18. 18. Positioning • Automatically determine learner’s knowledge in a domain, given the chosen learning goal 18
  19. 19. Positioning To determine in a (semi-) To provide formative feedback automatic way learner’s prior with regard to the learner’s profile knowledge –by analyzing her in the domain of study and Portfolio and the domain of study– recommend remedial actions to to recommend learning overcome conceptual gaps materials or courses to follow Provide formative Locate best suitable feedback and learning materials or recommend courses to follow remedial actions 19
  20. 20. Positioning - Adriana Berlanga & Fridolin Wild FORMATIVE FEEDBACK 20
  21. 21. Formative feedback • Services will offer semi-automatic measurement of conceptual development • Diagnosing conceptual development – Person’s knowledge of a domain by looking on how s/he organizes the concepts of such domain – Novice vs. expert approach 21
  22. 22. The approach: Novice vs. Expert Novices and experts differ in • How they express the concepts underlying a domain • How they discriminate relevant from non- relevant information • And how they use and relate the concepts to one another 22
  23. 23. Exploring the approach SHOWCASE 24
  24. 24. Procedure 1. Ask learners what they know 2. Find out what learners should know “Expert-reference model” 3. Compare 4. Provide feedback and recommendations 25
  25. 25. 1. Ask learners what they know A think-aloud protocol was designed. Learners must explain the relevant concepts in a domain and how they are related Examples • Medical students (U Manchester) had a think- aloud session to explain concepts they just studied • Researchers (OUNL) had a think-aloud session to explain concepts they develop in their work  The think-aloud audio is transcribed: text 26
  26. 26. 2. Find out what learners should know “Expert-reference model” 1. Theoretical expert model, documents of a particular course (e.g., course material, tutor notes, presentations) 2. Archetypical expert model, state-of the art information (e.g., scientific literature) 3. Emerging expert model, concepts and the relations a group of people (co-workers, peers...) use to describe a domain 3. Compare 27
  27. 27. 2. Find out what learners should know “Expert-reference model”= Theoretical expert model Learner Expert Generation of expert and student concept maps Leximancer 28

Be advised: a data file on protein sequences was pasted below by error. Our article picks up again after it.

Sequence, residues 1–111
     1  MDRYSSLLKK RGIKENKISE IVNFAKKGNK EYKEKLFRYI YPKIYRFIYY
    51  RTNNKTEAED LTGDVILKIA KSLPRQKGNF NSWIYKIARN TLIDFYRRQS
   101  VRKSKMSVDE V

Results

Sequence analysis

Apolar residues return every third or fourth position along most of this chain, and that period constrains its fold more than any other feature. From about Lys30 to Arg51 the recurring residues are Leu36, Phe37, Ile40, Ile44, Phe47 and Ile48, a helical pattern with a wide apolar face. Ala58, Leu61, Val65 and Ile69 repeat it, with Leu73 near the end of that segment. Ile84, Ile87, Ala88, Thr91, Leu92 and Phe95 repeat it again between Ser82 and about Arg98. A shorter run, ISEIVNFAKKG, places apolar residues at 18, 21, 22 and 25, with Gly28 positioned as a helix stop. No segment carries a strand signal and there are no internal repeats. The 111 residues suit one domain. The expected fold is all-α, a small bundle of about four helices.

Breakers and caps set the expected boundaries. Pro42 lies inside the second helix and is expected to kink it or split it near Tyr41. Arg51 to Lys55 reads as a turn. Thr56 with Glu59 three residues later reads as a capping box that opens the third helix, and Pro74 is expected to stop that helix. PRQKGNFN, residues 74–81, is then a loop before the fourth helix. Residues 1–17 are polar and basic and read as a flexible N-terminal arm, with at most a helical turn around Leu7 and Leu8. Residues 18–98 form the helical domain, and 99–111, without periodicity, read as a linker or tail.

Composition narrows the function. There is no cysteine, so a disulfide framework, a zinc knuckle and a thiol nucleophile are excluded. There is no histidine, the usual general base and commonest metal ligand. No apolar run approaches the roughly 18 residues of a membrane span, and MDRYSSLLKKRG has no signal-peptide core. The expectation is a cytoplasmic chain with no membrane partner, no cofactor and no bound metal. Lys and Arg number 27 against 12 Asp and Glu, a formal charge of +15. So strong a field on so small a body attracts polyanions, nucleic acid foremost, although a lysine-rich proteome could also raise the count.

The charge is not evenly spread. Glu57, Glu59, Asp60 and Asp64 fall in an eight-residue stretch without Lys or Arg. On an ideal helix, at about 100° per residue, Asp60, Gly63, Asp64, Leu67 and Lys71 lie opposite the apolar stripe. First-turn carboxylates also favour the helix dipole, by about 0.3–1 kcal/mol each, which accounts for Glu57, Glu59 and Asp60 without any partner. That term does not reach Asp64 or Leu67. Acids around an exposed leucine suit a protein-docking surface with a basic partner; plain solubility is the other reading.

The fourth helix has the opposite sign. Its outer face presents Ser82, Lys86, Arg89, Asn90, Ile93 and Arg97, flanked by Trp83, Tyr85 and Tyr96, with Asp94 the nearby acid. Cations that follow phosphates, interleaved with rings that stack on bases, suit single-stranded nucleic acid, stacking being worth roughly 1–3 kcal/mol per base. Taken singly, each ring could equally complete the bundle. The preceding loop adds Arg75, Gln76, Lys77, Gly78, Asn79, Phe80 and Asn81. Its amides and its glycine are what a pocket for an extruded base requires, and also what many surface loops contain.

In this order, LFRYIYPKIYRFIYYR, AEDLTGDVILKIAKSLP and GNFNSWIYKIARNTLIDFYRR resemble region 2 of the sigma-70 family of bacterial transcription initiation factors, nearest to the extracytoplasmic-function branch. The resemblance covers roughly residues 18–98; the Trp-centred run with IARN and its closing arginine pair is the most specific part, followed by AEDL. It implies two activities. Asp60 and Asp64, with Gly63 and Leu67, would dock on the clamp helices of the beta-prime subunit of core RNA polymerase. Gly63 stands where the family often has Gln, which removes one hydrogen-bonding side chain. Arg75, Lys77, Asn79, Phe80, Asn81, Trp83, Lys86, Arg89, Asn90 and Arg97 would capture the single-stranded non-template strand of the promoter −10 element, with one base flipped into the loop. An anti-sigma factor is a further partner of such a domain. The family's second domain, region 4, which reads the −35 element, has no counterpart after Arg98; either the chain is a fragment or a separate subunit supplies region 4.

28. 28. 2. Find out what learners should know “Expert-reference model”= Archetypical expert model Expert map generated from LSA 29 scientific literature
  29. 29. 2. Find out what learners should know “Expert-reference model”= Emergent expert model Leximancer 30
  30. 30. 4. Provide feedback and recommendations  These are the concepts you mentioned the most  From your peers these are the most mentioned concepts  The differences are:  This means that you might find useful to • Read this material • Do this activity • Contact this person • …  Observations
  31. 31. Positioning To determine in a (semi-) To provide formative feedback automatic way learner’s prior with regard to the learner’s profile knowledge –by analyzing her in the domain of study and Portfolio and the domain of study– recommend remedial actions to to recommend learning overcome conceptual gaps materials or courses to follow Provide formative Locate best suitable feedback and learning materials or recommend courses to follow remedial actions 32
  32. 32. Positioning – Gaston Burek LOCATE BEST SUITABLE LEARNING MATERIALS 33
  33. 33. Positioning Principles Learner Objectives Evidence Materials Automatic Assessors indicated indicated indicated by recommendations decision by learner by learner assessors John S. Topics 1 Self Assessment Course No automatic Accept documents yes/no Topics 2 Certificates Course No automatic Accept documents yes/no Topics 3 Portfolio Materials LSA or Accept Documents or docs knowledge rich yes/no accepted/ approach rejected Topics 4 Formal Assessment LSA or Accept assessment samples knowledge rich yes/no accepted/ approach rejected 34